How to Capture the Headline for Your Difficult Conversation

Every difficult conversation needs a destination point, this is focus and the heart of the conversation but it’s never as easy to identify as it sounds. The problem with not being clear about your issue is that you end up going down blind alleys and sometimes letting the other person off the hook. If you want a quick strategy to be clear on the purpose of your difficult conversation then read ahead.

Zero in on the thing that matters most

It’s normal for tensions or concerns to build up before we decide to raise them with someone. We make excuses on their behalf, find ways to justify their behaviour or say to ourselves I’ll wait until it’s the right time. So by the time we eventually get around to the difficult conversation, things have built up and you now have a catalogue of things you want to talk to them about.

One Issue at a Time

Don’t be tempted to produce a long list of grievances at the start of your difficult conversation just stick to one issue. If you find in the middle of the conversation that the other person want to discuss other issues with you, be firm and say you’re happy to talk about those but before you do you want to reach a resolution or outcome to this particular issue.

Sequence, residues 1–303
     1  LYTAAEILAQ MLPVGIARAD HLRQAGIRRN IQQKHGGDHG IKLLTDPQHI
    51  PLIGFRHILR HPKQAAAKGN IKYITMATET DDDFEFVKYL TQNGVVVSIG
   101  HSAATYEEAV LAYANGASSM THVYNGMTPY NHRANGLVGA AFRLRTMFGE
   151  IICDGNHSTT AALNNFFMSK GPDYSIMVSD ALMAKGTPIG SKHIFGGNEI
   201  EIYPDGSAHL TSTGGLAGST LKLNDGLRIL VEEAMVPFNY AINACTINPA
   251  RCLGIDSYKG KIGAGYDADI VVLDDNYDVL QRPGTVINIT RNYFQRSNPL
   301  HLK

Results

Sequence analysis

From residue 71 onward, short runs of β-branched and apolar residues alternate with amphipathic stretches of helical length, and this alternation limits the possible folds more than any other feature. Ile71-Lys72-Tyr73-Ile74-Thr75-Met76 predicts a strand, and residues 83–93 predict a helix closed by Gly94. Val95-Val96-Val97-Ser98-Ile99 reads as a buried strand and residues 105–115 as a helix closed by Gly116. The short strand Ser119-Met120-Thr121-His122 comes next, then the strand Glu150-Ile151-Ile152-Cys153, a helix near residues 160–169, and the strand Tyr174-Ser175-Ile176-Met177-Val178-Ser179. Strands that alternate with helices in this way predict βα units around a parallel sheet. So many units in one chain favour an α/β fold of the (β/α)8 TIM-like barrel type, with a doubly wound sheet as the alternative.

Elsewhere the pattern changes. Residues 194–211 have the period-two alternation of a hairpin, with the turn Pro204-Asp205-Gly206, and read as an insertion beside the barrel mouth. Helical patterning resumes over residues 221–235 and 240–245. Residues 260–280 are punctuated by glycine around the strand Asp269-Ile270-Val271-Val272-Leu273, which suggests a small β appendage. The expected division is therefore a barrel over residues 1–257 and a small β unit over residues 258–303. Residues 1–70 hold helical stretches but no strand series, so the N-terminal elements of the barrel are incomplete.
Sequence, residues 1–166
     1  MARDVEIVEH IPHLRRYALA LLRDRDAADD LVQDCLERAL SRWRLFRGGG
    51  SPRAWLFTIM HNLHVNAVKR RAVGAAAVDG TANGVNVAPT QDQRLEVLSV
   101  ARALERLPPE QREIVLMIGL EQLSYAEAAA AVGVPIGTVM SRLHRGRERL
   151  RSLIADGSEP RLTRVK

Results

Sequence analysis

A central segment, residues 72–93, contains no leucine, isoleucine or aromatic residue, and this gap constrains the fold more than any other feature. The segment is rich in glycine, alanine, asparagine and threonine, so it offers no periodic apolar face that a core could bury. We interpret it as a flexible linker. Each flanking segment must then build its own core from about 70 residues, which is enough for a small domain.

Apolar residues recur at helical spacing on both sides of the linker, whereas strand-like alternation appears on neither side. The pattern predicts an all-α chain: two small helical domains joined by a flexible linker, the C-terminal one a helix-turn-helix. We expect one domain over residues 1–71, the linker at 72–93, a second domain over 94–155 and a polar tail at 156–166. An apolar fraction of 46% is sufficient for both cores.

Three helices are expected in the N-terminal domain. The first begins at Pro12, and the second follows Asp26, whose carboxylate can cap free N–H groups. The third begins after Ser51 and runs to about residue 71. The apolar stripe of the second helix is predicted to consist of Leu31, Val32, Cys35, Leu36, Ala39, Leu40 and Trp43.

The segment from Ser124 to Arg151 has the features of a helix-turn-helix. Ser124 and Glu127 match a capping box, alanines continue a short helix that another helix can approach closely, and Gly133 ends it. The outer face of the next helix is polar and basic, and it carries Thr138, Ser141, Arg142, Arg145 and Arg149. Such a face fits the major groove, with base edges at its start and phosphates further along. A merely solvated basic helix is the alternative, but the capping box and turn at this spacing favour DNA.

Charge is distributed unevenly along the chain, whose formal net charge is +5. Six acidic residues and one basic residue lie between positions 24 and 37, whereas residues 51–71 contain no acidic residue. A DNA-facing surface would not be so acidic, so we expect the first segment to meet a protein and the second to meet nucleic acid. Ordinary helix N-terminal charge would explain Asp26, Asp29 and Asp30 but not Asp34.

Visualise the End Point of Your Conversation

This strategy will help you articulate clearly the issue you want to talk about.  Imagine yourself coming to the end of the conversation with the other person, as you imagine this ask yourself any of these questions, whichever fits your situation the best;

What problem do I want solved?

What question do I want answered?

What outcome do I want reached?

Once you can visualise the end point, you just need to reverse-engineer it into a an outcome statement. For example;

Let’s say the problem I want solved is to make sure there’s always a supply of coffee, tea and fresh milk in the staff kitchen for everyone. So when I come to the end of my conversation I want to feel reassured that whenever I go to the staff kitchen I can make myself a coffee or tea at my leisure and so can others.

How has the other person contributed to this problem?

The piece that’s missing is the awkward bit, it’s the piece that connects the problem with the person you’re wanting to discuss it with. So to be clear about this try asking yourself the following question.

What do I think is contributing to this problem/situation/dilemma?

To continue with the example.

I think my colleague is contributing to this because his team are the largest consumers of tea and coffee in the office and I’m not sure what expectations they have about when, who and how the supply will be maintained.

That’s it. All you need to do is to combine the both and there you have it a perfectly articulate and coherent purpose to your conversation.

“I’d like to talk about the how to maintain the supply of coffee, tea and fresh milk in the staff kitchen so that when I or others want to make ourselves a cup we’re not left disappointed and frustrated because the milk has run out. I want to raise this with you because I think you’re team are the biggest consumers of tea and coffee on this floor and I think they might be contributing to this problem.”

You OK to talk about that right now?

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